In rare cases, in the case of paraesophageal hernia, there may be such an increase in the volume of the hernia as to create respiratory disturbances and the appearance of bleeding ulcerations in the stomach and anemia.



The assessment of the hiatal hernia is generally carried out through instrumental tests such as:

  • radiography with barium of the upper part of the digestive tract, allows you to evaluate the ability to swallow and the presence of any obstructions, or abnormalities, of the esophagus. It consists in drinking a solution of barium (a harmless substance but clearly visible on X-rays as it passes through the digestive system) and in being subjected, shortly after, to an x-ray
  • esophagus-gastro-duodenoscopy, endoscopic examination (method of exploration that allows to visualize the inside of the body through an optical tube equipped with micro cameras that transmit the images to a screen) that allows to examine the inside of the upper part of the digestive system through an endoscope, thin flexible tube with a light and a video camera at the end. The endoscope is inserted through the mouth and throat: the person is usually awake and / or subjected to light sedation. Endoscopic exploration allows to evaluate the state of the esophagus and stomach mucosa (erosions, ulcers ) and to find out any complications due to gastroesophageal reflux, if any


The cure (therapy) of the hiatal hernia consists first of all in the treatment of the disorders associated with it. It may be useful to consume small and frequent meals, as recommended also for the disorders deriving from gastroesophageal reflux.

It is advisable to stop smoking if you have this habit, as smoking can irritate the digestive system and worsen ailments.

It is also very important to maintain a healthy weight, lose weight, if you are overweight, and avoid certain foods including: coffee, chocolate, foods that are too fatty, hot or spicy.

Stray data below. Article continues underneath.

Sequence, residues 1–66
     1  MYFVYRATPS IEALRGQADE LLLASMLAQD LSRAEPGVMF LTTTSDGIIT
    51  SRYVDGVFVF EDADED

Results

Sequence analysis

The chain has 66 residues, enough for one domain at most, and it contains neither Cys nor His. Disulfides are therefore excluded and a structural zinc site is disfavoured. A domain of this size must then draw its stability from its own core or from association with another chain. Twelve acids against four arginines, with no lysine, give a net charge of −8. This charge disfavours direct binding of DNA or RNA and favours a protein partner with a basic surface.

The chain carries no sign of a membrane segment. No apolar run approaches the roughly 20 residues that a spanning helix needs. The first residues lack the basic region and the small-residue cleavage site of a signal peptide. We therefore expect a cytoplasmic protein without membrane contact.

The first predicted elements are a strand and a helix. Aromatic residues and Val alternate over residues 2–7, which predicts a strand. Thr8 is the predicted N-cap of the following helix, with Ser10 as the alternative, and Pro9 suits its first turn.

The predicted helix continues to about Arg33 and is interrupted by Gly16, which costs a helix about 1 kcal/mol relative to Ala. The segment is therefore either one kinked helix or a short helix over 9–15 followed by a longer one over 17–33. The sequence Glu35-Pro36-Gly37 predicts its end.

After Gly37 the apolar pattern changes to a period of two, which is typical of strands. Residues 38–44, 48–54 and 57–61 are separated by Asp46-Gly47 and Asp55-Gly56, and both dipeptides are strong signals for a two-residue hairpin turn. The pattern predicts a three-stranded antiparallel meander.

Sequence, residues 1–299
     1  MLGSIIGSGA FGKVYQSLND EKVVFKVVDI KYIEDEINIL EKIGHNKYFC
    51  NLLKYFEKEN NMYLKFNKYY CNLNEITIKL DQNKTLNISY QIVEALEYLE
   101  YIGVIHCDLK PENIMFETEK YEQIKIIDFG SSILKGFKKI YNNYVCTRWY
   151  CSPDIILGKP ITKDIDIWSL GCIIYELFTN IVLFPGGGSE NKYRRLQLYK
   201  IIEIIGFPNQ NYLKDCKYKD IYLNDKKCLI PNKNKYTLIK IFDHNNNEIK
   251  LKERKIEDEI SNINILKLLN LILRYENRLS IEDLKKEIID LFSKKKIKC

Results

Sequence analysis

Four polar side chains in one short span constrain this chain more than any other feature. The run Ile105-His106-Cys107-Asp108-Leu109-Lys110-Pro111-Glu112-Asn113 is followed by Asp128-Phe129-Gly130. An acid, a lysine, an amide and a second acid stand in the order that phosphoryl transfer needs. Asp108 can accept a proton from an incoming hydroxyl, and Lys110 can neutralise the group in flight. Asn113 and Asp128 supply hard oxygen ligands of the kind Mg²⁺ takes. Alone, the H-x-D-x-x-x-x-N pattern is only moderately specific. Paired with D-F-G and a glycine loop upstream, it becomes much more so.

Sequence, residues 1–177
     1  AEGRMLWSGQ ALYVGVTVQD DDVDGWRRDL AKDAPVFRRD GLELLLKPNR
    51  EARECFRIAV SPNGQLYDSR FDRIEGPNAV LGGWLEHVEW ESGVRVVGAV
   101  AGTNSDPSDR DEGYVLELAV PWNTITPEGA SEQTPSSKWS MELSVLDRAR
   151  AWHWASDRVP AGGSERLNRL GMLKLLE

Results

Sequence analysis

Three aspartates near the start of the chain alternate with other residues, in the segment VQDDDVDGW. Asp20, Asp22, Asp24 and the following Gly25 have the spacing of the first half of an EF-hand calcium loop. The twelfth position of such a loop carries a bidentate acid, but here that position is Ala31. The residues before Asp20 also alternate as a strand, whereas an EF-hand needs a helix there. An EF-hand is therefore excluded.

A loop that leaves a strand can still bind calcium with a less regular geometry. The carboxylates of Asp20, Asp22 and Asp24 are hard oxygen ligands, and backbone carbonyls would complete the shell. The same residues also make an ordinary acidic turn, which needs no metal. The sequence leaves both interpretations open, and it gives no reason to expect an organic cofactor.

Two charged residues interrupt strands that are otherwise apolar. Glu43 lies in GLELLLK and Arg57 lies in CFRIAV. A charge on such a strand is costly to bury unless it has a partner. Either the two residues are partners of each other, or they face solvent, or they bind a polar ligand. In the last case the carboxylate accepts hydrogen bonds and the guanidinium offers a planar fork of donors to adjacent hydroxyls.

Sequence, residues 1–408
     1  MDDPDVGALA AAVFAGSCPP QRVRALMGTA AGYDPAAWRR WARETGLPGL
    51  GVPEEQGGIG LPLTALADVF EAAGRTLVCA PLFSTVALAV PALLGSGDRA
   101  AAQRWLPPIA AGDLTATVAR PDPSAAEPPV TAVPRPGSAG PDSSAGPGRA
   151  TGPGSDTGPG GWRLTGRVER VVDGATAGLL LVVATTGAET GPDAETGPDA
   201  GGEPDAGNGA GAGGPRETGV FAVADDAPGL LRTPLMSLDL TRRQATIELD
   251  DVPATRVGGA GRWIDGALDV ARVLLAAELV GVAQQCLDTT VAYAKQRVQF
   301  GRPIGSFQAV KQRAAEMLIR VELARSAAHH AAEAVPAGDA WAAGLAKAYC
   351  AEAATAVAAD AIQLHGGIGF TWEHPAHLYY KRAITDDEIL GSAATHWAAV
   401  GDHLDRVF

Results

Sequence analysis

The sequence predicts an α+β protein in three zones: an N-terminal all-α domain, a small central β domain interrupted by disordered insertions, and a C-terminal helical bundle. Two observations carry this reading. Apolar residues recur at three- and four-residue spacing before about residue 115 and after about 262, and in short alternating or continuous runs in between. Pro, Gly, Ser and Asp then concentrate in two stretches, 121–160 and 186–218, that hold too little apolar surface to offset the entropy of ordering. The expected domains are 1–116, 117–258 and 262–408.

It is also advised not to lie down immediately after meals.

For the treatment of disorders caused by hiatal hernia, after consulting with your doctor, you can take over-the-counter (or self-medication) drugs, sold without a prescription, such as antacids and / or alginates.

If changes in eating habits and the use of over-the-counter medications have no effect and the complaints persist, the doctor may prescribe the same drugs used for gastroesophageal reflux, such as proton pump inhibitors that reduce the acidity of gastric juices or antagonists. H2 receptors (H2 antagonists) used to block the action of histamine on stomach cells by decreasing the release of hydrochloric acid and therefore the acidity of gastric juices.

If the disturbances caused by the hiatal hernia are particularly intense and the drugs have no effect, surgery may be required which is usually performed through small holes in the abdomen (a technique called laparoscopy) and under general anesthesia. typically requires a two to three day hospital stay and three to six weeks of convalescence.

The disturbances do not disappear immediately after the operation: sometimes the feeling of swelling, bloating, belching and difficulty in swallowing persist for a few months.

In some cases (about 1 in 100) it is necessary to repeat the operation.